I was so tired that I forgot to check for wi-fi in town.  Charles said that anywhere that said “Orange” had wifi, but we need to check that.  Yesterday, we learned that many parks in Paris offered free wifi.  We got on Boingo yesterday, right beside Fat Tire Bike Company!  On the iTouch, we used the Skype program and a special headset that Ned brought to call my Mom yesterday.  We got disconnected with low battery, but it was really neat to talk for like $.025 a minute for iTouch to regular home phone/cell phone.  Wow!

 

So where are we now?  We’re at a delightful free Aire along the Loire River.  That Aires in France book that I preordered before Alaska trip is worth it’s weight in gold.  Keith and Ann from Apr 21 said there are also “Aires in Spain” and “Aires in Portugal” books as well. 

 

Anyway, back to our “campground.”  There are about 8 motorhomes backed into marked spaces overlooking an island filled with birds and the beautiful, arched bridge into Blois.  We are right across from the Police Station- feels very secure.  After 50E a night in Paris, this free site in a welcoming, lovely town is terrific.

 

France apparently loves motorhomes- the Aires are only for us, no caravans (trailers) or tenters.  We saw a motorhome twice in the Blois, one down the first street to the left headed south of the Bois campground, the second RV was just off the Rue de Hippodrome, the main road that is south of the campground (also goes into Surness).  I believe they were overnighting there the entire time we were paying 500E at the campground for 10 nights. 

 

I think the French governments and people are just nice about motorhoming in France.  I have heard several English people say they love to camp in France, but not England, because of the attitude toward motorhomes.  We do spend in the communities that welcome us!  If we can find service aires (also listed in our book) where we have fresh water and tank emptying at a freestanding kiosk (which uses coins or nearby-purchased jetons “tokens”) then we can spend many nights at these lovely and proficient overnight Aires.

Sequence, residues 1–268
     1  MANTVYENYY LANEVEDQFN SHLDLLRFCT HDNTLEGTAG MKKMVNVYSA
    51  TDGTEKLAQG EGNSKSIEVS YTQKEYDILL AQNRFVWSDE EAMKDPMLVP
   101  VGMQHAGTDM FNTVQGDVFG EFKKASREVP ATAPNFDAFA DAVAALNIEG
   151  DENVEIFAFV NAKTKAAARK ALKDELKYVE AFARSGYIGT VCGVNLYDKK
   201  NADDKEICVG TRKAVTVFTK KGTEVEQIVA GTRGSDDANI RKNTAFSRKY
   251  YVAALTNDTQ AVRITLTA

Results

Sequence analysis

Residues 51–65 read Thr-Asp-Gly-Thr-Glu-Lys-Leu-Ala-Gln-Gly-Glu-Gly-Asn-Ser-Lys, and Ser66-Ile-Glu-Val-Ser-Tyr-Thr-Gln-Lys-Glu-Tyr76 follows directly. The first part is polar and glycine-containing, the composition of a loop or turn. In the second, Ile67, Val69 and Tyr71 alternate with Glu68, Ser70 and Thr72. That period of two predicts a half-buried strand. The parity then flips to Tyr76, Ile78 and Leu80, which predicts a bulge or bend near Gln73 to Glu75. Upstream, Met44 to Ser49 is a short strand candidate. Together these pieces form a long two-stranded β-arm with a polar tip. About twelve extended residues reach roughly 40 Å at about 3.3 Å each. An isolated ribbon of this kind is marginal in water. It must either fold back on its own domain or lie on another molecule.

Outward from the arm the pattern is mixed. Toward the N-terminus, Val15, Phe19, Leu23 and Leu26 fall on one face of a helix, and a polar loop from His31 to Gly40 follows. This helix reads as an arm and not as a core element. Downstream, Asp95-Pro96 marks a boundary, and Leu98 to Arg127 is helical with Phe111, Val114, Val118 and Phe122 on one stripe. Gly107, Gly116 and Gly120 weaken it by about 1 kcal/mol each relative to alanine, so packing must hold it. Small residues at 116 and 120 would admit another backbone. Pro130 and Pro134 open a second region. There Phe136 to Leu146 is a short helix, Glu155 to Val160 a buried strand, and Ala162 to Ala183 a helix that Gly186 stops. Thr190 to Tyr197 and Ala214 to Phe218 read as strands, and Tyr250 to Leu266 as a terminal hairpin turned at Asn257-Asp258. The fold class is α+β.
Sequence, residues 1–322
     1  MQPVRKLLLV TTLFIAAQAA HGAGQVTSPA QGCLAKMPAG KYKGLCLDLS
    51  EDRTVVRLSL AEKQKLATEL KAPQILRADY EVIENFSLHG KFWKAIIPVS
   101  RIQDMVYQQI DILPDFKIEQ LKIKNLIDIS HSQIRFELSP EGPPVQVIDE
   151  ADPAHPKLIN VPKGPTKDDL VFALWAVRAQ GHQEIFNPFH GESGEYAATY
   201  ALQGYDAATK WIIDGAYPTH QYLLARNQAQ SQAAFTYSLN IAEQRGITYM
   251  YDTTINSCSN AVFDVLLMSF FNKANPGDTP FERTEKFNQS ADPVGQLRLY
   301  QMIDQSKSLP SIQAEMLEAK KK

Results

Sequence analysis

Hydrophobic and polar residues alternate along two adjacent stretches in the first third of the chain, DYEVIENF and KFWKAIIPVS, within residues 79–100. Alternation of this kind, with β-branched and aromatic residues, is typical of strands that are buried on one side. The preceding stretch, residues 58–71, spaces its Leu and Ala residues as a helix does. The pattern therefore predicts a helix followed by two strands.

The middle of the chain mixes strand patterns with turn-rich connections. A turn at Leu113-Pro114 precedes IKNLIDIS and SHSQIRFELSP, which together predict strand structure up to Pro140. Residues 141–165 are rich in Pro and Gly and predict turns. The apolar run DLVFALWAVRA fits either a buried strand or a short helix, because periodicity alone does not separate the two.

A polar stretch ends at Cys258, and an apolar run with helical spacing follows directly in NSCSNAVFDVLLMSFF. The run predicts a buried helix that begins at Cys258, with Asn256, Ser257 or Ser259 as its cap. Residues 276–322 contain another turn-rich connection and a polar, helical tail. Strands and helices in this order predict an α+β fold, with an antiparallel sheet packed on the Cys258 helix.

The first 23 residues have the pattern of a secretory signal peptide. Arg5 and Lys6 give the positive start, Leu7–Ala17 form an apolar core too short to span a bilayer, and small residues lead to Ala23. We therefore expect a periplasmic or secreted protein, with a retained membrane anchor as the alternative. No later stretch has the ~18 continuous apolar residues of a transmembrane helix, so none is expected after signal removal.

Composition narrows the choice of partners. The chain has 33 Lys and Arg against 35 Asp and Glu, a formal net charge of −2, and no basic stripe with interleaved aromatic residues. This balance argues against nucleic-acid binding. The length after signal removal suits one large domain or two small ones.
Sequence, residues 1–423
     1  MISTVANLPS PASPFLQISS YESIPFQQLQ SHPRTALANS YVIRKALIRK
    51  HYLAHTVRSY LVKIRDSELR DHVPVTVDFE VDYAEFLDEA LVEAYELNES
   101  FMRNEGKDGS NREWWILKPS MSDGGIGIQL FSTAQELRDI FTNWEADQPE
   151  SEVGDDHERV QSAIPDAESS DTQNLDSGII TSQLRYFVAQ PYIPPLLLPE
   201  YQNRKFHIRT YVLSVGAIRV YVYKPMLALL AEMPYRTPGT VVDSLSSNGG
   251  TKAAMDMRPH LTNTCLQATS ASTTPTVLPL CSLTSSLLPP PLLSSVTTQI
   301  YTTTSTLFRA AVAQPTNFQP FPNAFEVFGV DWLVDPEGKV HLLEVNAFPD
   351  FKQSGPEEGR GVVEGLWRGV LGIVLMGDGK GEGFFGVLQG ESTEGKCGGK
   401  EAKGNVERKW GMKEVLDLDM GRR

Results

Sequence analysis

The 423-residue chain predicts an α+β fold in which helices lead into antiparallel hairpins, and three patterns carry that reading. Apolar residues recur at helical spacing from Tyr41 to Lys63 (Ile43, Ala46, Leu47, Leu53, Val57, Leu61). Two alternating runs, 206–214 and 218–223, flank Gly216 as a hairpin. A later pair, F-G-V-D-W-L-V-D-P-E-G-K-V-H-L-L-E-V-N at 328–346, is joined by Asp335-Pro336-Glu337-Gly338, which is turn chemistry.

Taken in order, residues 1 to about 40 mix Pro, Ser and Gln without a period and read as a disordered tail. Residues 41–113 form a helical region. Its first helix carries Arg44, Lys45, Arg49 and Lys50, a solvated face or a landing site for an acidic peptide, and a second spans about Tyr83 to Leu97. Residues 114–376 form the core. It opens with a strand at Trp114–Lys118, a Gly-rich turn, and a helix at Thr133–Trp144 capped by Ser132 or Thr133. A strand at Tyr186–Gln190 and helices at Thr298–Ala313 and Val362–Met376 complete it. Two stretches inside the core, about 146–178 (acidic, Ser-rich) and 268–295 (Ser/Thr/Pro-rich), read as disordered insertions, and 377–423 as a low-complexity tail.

Since we typically struggle to spend less than 100E a day (150E in cities), everything we can do to save is good.  Traveling with 4-5 people can really add up (gas, food, entrance fees, campground fees, souvenirs, etc).  While it did cost us $150 to change our airline tickets home, Jazy reminded me that every day costs us $150 essentially.  Good point. 

 

It depends on the country too and how far we drive. 

 

We’ve only driven about 1500 miles since March 21st!  Gas, while costing around 1E a liter for diesel (x 3.8 for a gallon), has been a negligible expense since Sugar seems to get mid-20’s mpg.

 

I need to warn the Behans to start their gas budget – with Ciao’s 8-10 mpg and the enormous distances driven in the U.S. wild west states, they will be buying 20 gallons of gas daily.  Hopefully, prices will stay under $2 per gallon for their trip.  I just hated when the gas pumps cut off at $100 and the tank wasn’t yet full (try over $7 a gallon in Canada last summer 2008!)

 

I put together some Paris transportation info gleaned and need to include that in  post- just a reminder to myself.

 

Bon soir!  (p.s.  people seem to speak less English now that we’re out of Paris!)

Transitory says:
If you don't mind my asking, which application did you use on iTouch for skype? I installed one but it doesn't work on my iTouch and failed me when I was abroad :(
Posted on: Jul 14, 2009
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photo by: wanderlass